After an intense night of thrash, including a lively #RestoreTheBlock hashtag, Twitter reverted the change. Now, then. What have we learned? And what can other companies with large communities take away from this teachable moment?
I’m not saying that Twitter was designed to create arguments. I’m just saying that, if you set out to create an Argument Machine, it’d come out looking a lot like Twitter.
I’ve blocked a hell of a lot of people over the years and occasionally I’ll make a mental note of why I did it. Here’s the list so far.
Congratulations on getting a Twitter account (or having one for a while)! You’re now taking part in the biggest social experiment in human history (more on that later). But just because you’re floating in a global sea of idle thoughts doesn’t mean you have to drown.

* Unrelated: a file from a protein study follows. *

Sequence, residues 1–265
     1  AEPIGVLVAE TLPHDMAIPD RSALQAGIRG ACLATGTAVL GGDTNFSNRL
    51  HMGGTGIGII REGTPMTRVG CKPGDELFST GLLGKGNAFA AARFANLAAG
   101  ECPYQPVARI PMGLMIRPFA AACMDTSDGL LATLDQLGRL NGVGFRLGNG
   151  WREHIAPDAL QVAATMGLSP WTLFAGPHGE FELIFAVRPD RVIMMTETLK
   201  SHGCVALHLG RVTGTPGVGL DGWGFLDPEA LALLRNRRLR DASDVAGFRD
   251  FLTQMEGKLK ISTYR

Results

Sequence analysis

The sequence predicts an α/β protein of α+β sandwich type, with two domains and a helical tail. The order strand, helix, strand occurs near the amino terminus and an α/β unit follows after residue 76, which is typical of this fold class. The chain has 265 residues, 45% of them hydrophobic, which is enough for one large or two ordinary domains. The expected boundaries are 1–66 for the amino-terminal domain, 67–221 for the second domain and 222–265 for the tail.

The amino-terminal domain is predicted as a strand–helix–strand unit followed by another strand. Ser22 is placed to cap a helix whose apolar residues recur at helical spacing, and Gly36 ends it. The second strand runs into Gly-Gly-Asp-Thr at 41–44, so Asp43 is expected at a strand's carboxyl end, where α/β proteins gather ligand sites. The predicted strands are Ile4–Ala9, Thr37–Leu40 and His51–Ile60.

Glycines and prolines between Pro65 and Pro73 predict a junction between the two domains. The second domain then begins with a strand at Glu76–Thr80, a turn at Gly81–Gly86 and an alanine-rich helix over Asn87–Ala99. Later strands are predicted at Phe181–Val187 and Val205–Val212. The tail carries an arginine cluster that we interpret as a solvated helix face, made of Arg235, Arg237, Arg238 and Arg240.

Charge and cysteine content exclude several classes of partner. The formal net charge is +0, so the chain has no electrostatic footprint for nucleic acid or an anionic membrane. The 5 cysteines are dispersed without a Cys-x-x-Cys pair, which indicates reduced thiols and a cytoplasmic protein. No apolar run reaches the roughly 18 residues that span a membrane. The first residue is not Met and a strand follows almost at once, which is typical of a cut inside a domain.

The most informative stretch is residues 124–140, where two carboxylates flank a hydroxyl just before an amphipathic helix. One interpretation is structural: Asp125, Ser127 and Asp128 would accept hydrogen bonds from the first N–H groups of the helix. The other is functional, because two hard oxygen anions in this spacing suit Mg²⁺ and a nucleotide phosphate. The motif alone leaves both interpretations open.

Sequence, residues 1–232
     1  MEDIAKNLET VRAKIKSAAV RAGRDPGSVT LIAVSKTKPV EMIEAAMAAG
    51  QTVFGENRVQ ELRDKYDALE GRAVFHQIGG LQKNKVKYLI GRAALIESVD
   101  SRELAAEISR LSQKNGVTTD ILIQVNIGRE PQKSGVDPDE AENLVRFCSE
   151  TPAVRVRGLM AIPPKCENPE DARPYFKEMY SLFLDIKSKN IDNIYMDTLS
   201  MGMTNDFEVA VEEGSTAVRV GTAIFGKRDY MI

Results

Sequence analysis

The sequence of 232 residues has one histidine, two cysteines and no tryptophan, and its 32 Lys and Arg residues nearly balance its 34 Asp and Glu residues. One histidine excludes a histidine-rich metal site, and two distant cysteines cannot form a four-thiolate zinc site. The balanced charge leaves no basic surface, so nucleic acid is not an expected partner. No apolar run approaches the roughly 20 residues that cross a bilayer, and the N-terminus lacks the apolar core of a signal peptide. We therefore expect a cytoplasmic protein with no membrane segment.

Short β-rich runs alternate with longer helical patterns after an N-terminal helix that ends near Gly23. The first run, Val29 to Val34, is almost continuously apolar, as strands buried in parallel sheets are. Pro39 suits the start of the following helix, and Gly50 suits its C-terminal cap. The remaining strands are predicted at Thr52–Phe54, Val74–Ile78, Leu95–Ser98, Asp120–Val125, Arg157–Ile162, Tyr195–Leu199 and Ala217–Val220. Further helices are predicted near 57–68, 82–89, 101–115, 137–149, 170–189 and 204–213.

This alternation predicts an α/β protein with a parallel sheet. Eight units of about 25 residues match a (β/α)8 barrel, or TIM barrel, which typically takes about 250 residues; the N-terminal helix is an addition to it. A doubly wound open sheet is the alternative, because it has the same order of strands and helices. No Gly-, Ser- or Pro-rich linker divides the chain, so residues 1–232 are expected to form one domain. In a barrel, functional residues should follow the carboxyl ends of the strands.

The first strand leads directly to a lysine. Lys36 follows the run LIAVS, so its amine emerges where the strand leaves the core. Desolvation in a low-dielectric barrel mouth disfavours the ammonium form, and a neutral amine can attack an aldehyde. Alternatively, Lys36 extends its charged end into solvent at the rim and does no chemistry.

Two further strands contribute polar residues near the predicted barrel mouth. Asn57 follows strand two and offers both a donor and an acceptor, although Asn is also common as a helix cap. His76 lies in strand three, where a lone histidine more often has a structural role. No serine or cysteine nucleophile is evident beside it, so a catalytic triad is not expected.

You can be a grownup and participate on Twitter, but it takes some doing. Here are the two ways I’ve found to use Twitter as an adult.
Twitter is currently testing a new feature called “Who to follow” (henceforth referred by its unfortunate acronym, WTF). One of those 25% is, apparently, me. When I log in there’s a box on the main page that suggests two users for me to follow. If this sounds familiar, that’s because it’s exactly what Facebook does.
The purpose of a test like this is to gather feedback, so here’s some feedback.
My “one strike” rule for Twitter/Flickr and why you shouldn’t be offended when someone blocks you. I was walking down…
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